The missing element, part 2

Continuing from here. Passive vs active, facts vs experience, in education. Here’s a sharp comparison from the early ’30s.

RCA was promoting the passive version in a sneaky way.


Radio has added to the plan of teaching a third dimension through which it may project a living personality into the school room or allow the student to seemingly be present at the enactment of an historical event. It may instantly transport the student to any part of the world, where, as in a great laboratory, he may know and share the thrill of discovery and the satisfaction of achievement. It has made modern education a newly vitalized force, its instruction glowing with reality.

Through the radio, a course in music appreciation by a world famous musician may be brought to the children of a distant school where, perhaps, there was no music at all before. A prominent government official may tell of the function of his department in the affairs of state or discuss the problems of the day. The distinguished scientist may explain the advance made in the treatment of disease or in the utilization of natural resources. The famous explorer may describe his experiences from the far outposts of civilization. School today has become a place of communion with the greatest personalities of the age.

Vitalized? No, devitalized.

Glowing with reality? No, glowing with unreality. The Greatest Personalities are unreal and unachievable.

Music appreciation is the opposite of singing. There was plenty of music in the ordinary schoolroom.

A scientist explaining his “advances” is the opposite of learning a skill. Every skill involves experimentation, systematic or otherwise.

A famous explorer describing his experiences is the opposite of exploring your own territory.

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Here’s a well-written account of the active approach, as encouraged and funded by the WPA school lunch program. (From Marjorie Barton’s book ‘Leaning on a Legacy’ about WPA in Oklahoma, not online.)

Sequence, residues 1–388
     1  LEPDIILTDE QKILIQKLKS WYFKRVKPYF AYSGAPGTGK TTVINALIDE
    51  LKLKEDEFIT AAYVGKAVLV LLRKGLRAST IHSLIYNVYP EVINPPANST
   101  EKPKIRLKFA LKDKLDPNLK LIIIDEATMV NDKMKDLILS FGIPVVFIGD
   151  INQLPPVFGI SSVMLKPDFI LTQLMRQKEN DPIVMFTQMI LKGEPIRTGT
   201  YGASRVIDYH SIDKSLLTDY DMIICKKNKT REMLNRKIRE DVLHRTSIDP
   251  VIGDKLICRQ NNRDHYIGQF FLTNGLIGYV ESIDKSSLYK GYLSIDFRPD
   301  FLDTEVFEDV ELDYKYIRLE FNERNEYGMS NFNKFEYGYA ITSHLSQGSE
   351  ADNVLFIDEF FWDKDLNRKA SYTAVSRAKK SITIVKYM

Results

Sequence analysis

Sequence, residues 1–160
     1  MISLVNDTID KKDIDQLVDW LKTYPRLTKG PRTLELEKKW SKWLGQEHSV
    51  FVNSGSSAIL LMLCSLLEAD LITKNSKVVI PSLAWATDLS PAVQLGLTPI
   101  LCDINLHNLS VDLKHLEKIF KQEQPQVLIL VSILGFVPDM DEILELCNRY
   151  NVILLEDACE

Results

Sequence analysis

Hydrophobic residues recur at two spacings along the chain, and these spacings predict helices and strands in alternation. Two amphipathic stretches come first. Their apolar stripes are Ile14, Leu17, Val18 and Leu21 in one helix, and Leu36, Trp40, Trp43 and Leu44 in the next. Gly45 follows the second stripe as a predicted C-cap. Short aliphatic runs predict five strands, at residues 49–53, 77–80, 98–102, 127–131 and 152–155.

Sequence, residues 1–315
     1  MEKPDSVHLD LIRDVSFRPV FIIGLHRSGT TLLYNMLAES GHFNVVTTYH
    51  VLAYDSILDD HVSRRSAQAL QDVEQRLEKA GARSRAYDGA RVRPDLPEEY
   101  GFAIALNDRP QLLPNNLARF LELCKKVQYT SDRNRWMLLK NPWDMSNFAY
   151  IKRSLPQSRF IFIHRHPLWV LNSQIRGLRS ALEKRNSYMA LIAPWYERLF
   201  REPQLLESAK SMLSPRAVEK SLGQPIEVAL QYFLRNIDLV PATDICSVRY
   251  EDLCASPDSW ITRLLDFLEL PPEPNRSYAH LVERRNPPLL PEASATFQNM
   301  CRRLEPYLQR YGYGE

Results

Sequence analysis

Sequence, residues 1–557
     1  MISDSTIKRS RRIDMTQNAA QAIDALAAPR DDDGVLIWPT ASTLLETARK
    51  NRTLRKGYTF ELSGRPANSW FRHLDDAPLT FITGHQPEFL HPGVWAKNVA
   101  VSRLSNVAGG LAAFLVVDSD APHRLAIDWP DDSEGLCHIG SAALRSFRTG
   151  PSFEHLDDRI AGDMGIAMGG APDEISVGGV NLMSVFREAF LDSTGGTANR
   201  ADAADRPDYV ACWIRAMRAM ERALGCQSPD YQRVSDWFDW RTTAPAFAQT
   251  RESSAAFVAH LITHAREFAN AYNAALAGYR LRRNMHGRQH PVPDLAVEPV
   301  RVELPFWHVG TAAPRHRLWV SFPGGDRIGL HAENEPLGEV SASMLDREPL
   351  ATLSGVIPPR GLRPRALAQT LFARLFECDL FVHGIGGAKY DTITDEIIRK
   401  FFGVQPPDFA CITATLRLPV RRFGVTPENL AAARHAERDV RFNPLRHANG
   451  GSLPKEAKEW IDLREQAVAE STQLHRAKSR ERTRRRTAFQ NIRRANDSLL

Methods of food preparation varied by the size of the school. The one-room rural school was given commodities to make stew, cornbread and biscuits. At the West/East Cloudy School near Rattan, a former teacher said that the stew was put on the stove in the morning and by lunchtime was not only ready, but creating hunger pains. She said the students loved to help with the preparation. Everyone brought their own bowl and took turns washing dishes.

WPA recognized one basic fact: Humans are designed to be USEFUL. People want to make things. People need to be needed. Previous ‘relief’ programs were not satisfying this basic need. WPA gave every conceivable skill a chance to be useful and honest. Most of the work created long-lasting improvements in human life, work, nutrition, and recreation. The workers could look at their COMPLETED RESULT with satisfaction, and future generations continued to appreciate and USE the COMPLETED RESULT. Real work, real order, real value, and above all real beauty.

Now we’ve returned massively to the previous ‘relief’ programs. For 40 years we’ve been offshoring jobs. In 2020 we simply prohibited useful work. Universal Basic Income guarantees that people will be useless, which is a sneaky form of genocide.

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Calibrating: In fairness, RCA was selling a helper for active learning at the same time that it was promoting passive learning. The same booklet includes an ad for the Radiola 86, a radio and phonograph and RECORDER.

Students could record their own songs or narrate their own explorations, and preserve the result for posterity.

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